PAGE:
Walking up the stairwell in the main lobby, you may have noticed a new, colorful addition. Hanging from the ceiling is a vibrant chandelier created recently by Hills West’s very own National Art Honor Society.
The National Art Honor Society (NAHS), originally established in 1978 by the National Art Education Association, was created for “the purpose of inspiring and recognizing those students who have shown an outstanding ability in art.” At Hills West, advisors Ms. Montiglio and Mrs. Nourry guide student members in obtaining their highest potential in all art forms. However, one of their most important goals is to bring attention to the arts within the Half Hollow Hills community.
“In the past, the NAHS has focused on service projects that helped others in the community,” said NAHS Co-President Hannah Patel, “However, our initiative for this year was to do more for our own school.” The society started this initiative in October when they began working on their Dale Chihuly-inspired artwork.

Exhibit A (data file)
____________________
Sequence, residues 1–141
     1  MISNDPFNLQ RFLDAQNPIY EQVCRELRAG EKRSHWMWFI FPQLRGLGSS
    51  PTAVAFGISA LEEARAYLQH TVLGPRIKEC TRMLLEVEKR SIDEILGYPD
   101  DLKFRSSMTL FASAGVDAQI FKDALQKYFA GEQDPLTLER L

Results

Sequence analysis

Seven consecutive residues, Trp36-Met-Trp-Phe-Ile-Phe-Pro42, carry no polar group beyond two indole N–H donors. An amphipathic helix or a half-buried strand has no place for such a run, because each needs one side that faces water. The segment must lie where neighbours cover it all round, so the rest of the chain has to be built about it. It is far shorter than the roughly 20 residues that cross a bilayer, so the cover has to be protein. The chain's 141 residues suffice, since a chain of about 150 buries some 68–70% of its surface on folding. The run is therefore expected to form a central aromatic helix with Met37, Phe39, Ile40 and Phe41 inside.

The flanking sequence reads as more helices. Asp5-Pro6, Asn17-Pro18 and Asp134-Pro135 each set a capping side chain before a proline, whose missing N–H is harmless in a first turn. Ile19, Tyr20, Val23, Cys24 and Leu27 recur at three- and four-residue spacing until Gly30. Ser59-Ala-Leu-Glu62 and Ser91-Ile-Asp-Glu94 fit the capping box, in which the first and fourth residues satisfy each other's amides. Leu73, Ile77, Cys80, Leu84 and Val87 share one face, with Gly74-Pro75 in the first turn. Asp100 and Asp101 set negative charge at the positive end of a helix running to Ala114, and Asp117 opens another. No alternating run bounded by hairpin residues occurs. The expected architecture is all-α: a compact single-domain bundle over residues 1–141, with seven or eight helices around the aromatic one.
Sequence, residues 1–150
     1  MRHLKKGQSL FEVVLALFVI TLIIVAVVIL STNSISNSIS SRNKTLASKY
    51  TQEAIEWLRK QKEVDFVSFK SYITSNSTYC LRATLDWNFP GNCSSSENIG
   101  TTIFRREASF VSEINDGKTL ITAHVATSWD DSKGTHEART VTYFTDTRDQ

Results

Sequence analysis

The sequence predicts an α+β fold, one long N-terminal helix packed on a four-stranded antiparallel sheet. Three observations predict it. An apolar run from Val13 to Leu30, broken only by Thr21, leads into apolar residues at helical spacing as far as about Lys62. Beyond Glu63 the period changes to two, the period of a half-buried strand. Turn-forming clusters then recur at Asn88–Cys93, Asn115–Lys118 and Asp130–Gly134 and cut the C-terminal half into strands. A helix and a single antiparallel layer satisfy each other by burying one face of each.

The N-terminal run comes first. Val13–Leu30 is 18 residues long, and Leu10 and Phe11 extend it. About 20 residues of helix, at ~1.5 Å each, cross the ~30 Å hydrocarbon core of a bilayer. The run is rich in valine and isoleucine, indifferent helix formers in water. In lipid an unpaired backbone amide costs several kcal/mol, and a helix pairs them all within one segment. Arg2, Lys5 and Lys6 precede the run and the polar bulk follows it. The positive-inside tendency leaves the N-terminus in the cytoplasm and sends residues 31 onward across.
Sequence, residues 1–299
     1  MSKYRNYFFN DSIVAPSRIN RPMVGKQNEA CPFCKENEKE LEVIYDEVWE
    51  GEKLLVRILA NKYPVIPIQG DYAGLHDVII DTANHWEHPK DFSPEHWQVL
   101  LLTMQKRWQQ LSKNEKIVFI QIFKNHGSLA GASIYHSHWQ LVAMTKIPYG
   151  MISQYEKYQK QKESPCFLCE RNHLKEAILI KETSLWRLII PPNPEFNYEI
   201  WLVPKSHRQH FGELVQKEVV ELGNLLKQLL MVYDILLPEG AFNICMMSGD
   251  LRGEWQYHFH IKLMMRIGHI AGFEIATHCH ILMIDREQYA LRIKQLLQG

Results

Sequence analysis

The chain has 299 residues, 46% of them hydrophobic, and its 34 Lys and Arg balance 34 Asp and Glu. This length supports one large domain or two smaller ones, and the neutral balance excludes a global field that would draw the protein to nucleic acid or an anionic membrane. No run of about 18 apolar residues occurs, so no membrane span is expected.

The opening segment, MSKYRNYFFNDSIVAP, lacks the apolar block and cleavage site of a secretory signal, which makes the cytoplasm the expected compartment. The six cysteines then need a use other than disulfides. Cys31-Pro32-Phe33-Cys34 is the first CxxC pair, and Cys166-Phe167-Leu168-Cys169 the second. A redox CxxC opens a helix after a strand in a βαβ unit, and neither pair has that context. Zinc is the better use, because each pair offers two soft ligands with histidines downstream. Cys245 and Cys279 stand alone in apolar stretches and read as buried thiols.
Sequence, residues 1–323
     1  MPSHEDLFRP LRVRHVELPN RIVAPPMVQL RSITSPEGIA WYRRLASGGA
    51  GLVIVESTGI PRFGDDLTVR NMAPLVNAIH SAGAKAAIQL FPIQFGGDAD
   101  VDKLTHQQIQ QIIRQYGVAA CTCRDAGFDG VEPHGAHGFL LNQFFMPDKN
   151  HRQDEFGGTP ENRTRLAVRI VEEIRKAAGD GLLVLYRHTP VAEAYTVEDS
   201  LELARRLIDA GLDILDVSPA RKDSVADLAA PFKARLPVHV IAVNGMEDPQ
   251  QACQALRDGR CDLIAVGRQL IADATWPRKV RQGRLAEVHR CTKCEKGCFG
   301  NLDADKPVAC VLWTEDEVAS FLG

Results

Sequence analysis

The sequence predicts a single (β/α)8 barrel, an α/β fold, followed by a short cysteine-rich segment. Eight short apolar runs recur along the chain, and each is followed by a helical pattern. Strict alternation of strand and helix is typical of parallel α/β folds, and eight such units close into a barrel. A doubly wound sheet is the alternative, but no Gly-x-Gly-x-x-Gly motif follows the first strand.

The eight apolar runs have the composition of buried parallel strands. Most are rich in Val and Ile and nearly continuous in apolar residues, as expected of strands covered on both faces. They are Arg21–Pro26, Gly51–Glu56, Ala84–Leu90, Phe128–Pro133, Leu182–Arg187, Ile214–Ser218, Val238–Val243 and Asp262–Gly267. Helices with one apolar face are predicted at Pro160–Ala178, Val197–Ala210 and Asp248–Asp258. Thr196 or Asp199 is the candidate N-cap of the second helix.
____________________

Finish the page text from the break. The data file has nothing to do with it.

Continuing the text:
“We wanted to do a project that was representative of our goals as an organization,” said Patel, “It’s a combination of ingenuity, creativity, and teamwork.” The chandelier was made using recycled water bottles. The members used Sharpie markers to add color and then cut the bottles into the swirl pattern. A small light hangs in the center of the chandelier to illuminate the piece.
Dale Chihuly, a prolific glass artist, is best known for his “Fiori di Como,” which can be found in the Bellagio Hotel and Casino in Las Vegas, Nevada. The glass sculpture is the largest sculpture ever made, containing 2,000 hand-blown glass blossoms that weigh approximately 40,000 pounds. The larger-than-life piece, which is known as “one of the most grand public art statements that has ever happen in Las Vegas,” was the NAHS’ inspiration.
Although the NAHS’ chandelier may not be of the same monumental size, it is sure to have a monumental impact within the halls of Hills West.